Elimination of specific amendment procedures in part 712. Half the commenters opposed eliminating the specific amendment procedures in § 712.7. Most indicated they prefer the unique procedure in the rule, even though a generic amendment procedure is available in part 791. Commenters noted they did not want to have to rely on the three-year rolling regulatory review underlying the generic amendment process and, also, that changes in the financial sector can occur rapidly and, therefore, the sixty-day time limits in the CUSO rule are preferable. One commenter suggested NCUA keep the unique amendment provisions but extend the applicable time limits if necessary.
Notwithstanding these comments, the Board has determined to eliminate the amendment provisions from part 712, as discussed in the preamble to the proposed rule. The Board notes, in this respect, that the generic amendment provisions in part 791 are not tied to the three-year cycle NCUA follows in reviewing its regulations. Members of the public may request an amendment to any rule, at any time, under the procedures in part 791. If circumstances warrant, NCUA is able to move quickly and can, if necessary, issue an interim final rule effective within a short time frame. 5 U.S.C. 553(b)(B). Accordingly, the separate amendment provisions in § 712.7 are redundant and unnecessary.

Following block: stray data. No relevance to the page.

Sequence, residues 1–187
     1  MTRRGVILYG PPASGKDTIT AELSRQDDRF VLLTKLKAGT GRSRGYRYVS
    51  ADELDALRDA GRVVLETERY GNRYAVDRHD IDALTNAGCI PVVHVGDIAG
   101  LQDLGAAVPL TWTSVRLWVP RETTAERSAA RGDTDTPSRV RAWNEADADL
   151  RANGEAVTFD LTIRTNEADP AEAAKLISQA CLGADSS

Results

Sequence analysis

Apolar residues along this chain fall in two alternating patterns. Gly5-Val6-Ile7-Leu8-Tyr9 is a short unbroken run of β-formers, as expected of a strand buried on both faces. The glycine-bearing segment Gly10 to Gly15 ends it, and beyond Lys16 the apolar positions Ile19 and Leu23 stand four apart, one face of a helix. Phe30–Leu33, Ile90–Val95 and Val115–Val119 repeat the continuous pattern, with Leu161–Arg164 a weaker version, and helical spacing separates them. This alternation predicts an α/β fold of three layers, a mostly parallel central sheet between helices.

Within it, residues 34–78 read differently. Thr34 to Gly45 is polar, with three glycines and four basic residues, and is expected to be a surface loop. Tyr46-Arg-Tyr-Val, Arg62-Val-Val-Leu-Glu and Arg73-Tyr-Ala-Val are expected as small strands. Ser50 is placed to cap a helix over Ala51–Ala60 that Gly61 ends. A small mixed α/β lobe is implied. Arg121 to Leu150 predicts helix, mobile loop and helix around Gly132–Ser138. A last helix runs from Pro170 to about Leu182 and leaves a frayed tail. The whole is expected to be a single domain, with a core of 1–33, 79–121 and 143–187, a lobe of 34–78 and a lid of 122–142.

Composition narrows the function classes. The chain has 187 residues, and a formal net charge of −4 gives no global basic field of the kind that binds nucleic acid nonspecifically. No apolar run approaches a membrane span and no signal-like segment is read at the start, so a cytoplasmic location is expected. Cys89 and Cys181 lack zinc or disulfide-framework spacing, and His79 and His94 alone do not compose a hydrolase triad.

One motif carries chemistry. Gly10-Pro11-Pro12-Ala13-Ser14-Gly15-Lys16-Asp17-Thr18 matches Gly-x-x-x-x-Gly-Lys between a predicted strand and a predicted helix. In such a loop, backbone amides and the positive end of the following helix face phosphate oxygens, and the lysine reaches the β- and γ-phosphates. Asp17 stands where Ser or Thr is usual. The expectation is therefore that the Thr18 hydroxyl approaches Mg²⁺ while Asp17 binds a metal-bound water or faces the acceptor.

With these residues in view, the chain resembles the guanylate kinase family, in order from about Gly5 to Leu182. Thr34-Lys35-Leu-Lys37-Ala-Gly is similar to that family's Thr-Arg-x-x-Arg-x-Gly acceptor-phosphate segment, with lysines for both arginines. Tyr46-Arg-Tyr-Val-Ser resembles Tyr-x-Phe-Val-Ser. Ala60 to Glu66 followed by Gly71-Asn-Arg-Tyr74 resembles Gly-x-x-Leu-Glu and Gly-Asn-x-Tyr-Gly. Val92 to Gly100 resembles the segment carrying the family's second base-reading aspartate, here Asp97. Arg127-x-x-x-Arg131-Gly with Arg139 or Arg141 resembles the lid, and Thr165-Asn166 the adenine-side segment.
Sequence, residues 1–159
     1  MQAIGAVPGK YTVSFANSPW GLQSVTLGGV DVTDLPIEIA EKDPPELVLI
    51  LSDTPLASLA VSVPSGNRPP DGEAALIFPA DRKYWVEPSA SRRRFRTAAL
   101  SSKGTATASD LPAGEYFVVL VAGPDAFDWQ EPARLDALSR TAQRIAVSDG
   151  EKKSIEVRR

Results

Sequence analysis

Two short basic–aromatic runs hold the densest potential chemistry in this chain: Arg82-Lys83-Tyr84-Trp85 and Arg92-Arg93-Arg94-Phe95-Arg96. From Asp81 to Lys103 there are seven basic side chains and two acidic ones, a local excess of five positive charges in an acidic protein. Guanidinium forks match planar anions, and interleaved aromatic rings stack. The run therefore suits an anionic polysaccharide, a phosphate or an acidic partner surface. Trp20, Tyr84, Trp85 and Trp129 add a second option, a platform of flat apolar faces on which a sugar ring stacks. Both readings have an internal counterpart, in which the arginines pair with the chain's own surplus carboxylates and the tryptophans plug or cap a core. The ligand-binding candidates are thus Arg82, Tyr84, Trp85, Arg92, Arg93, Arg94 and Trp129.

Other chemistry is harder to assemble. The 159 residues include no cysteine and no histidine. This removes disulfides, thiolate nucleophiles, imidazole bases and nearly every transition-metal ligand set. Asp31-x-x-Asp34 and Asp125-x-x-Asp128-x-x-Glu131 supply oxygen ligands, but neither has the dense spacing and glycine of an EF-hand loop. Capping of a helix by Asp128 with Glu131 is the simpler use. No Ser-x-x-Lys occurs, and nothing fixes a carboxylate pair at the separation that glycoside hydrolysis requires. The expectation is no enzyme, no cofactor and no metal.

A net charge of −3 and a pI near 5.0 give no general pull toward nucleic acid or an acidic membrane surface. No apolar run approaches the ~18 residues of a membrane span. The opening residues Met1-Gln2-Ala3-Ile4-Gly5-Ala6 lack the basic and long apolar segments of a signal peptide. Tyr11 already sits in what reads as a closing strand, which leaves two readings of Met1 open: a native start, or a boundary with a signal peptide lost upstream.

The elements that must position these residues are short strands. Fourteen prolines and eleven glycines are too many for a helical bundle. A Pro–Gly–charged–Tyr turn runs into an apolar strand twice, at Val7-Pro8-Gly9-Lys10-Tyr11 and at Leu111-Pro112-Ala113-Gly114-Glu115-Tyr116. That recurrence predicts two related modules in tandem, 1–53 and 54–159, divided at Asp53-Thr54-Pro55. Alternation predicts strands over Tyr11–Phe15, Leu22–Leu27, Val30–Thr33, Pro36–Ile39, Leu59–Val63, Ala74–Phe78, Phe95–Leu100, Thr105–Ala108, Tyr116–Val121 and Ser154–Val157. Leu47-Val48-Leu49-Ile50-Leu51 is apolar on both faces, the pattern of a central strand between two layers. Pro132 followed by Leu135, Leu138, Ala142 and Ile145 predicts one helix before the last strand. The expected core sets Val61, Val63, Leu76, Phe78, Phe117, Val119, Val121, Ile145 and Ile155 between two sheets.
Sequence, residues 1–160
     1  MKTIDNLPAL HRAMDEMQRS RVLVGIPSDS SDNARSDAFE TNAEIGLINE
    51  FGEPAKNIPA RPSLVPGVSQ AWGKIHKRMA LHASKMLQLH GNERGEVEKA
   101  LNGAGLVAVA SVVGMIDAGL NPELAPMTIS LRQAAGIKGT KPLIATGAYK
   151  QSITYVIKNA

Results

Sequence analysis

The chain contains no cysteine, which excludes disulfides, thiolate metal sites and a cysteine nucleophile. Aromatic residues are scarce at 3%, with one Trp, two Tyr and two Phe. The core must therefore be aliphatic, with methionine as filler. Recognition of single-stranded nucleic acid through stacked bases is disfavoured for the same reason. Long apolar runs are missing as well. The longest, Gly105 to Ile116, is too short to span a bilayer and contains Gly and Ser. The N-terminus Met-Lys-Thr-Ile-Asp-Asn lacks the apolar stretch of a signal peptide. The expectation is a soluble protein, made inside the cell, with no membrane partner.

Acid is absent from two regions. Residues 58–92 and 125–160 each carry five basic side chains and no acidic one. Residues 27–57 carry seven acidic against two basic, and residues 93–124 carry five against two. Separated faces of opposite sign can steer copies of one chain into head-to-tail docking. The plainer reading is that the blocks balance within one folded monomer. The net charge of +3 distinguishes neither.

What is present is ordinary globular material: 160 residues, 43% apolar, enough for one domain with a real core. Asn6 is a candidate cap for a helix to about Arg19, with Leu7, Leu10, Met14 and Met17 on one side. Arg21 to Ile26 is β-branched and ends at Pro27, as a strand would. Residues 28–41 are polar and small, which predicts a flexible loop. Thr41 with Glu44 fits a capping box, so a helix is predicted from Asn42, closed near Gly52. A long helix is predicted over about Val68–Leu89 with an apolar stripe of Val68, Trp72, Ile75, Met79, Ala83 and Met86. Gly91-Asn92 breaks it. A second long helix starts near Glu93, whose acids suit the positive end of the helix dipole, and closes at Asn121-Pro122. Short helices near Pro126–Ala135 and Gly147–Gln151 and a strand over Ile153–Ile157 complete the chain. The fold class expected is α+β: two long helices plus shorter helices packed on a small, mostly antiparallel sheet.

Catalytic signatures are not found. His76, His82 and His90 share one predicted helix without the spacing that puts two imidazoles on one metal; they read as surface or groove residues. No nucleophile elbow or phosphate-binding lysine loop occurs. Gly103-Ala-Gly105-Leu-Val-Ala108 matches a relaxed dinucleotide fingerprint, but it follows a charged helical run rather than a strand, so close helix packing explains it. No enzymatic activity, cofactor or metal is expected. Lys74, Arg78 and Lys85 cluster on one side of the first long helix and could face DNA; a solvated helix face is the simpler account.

Payroll services. A substantial number of commenters supported this expansion. Banking industry commenters noted opposition, however, suggesting the change would serve to further erode what they see as the credit union's principal mission of serving individual consumers, especially those of modest means. The Board notes FCUs have provided services and support to their members who are entrepreneurs and small business owners for many years and enabling CUSOs to provide this service to those members is a logical, efficient expansion of CUSO authority. Accordingly, the Board is adopting this amendment as proposed.